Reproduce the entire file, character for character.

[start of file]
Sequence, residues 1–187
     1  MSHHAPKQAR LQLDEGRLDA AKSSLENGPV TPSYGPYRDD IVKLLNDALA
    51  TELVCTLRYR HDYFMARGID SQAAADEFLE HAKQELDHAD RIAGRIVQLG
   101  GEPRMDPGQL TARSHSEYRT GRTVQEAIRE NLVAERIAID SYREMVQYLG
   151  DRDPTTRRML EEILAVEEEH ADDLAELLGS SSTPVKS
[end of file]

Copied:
Sequence, residues 1–187
     1  MSHHAPKQAR LQLDEGRLDA AKSSLENGPV TPSYGPYRDD IVKLLNDALA
    51  TELVCTLRYR HDYFMARGID SQAAADEFLE HAKQELDHAD RIAGRIVQLG
   101  GEPRMDPGQL TARSHSEYRT GRTVQEAIRE NLVAERIAID SYREMVQYLG
   151  DRDPTTRRML EEILAVEEEH ADDLAELLGS SSTPVKS